Judges’ attitudes on child custody issues don’t change overnight, but a new Tennessee child custody law is helping to jumpstart parenting-time decisions.
The new Tennessee parenting time law reads as follows:
“In taking into account the child’s best interest, the court shall order a custody arrangement that permits both parents to enjoy the maximum participation possible in the life of the child consistent with the factors set out below, the location of the residences of the parents, the child’s need for stability and all other relevant factors.”
Tennessee’s First Step
This law is a first step in equalizing the parenting time that moms and dads are afforded by the court. Prior to this law, Tennessee fathers were normally awarded “reasonable visitation” with their children. But, even in instances of joint custody, mothers had the majority of the custodial time with the children.
The tenacious efforts of Tennessee fathers’ rights groups has forced the courts to change their attitudes towards the role of dads in the upbringing of their children. A dad periodically “dropping in” to their children’s lives has proven to be confusing and detrimental to children in their formative years. Children need the role modeling, stability, affection, and ongoing acceptance of both parents.
Of course, what is written into law and what happens in practice are going to take years to bring into balance, but at least the “maximum time” provision in Tennessee’s parenting law is a good, workable beginning.
Putting the New Custody Law Into Practice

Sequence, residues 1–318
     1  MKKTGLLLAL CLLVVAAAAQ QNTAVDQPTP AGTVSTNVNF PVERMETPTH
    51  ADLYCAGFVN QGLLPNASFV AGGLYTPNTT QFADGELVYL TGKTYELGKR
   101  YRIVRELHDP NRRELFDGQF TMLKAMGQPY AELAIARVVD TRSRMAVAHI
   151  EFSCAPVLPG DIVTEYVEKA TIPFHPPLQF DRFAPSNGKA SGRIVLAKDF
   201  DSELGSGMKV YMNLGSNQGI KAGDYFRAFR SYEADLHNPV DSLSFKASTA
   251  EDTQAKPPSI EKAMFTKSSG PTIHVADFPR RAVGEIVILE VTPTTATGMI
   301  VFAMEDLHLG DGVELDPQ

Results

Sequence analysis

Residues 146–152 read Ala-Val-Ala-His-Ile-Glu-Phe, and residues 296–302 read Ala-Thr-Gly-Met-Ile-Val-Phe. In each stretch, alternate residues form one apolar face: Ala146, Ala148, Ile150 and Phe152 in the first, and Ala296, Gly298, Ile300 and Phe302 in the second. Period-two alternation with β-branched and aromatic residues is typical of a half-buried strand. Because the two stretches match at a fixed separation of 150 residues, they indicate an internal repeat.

A new “co-parenting” mindset will need to develop in family law judges, parents, mediators and counselors in implementing the “maximum parenting-time” provision of the Tennessee child custody law.
There are multitudes of ways that divorced parents can work together. For example, parents, under the maximum-time law, may choose to live in the same neighborhood or community solely for the parenting concerns, such as keeping the children in the same schools and maintaining maximum parenting time.
If the “test” parents of this new parenting-time law can put their failed marriages aside and adapt a cooperative mindset in parenting their children, the courts will view the new Tennessee shared parenting law as a successful one.
Only time will tell how parents will adjust to the new maximum-time theory behind the law. If judges see an influx of cases involving parental resistance to the new law, then they may lobby to undo it and relegate dads back to the all-familiar “visitor” category in their children’s lives. It is important that parents make the new law work.
Effect on Previous Tennessee Custody Orders
Parents whose custody and visitation orders were generated prior to the new law are still required to keep their current child custody arrangements in Tennessee. However, all new custody and parenting-time modifications will be based on the “maximum time” parenting law. The old orders cannot be modified unless one or both parents can show changed circumstances in one or both of their lives.
Still, the new “maximum” parenting time law is a step in the right direction in giving divorced dads much needed and deserved time with their children.
Tennessee Divorce Lawyer
With offices in Memphis, Nashville, and Franklin, Cordell & Cordell Tennessee divorce lawyers can help you navigate any aspect of Tennessee divorce laws, including new parenting time and custody laws.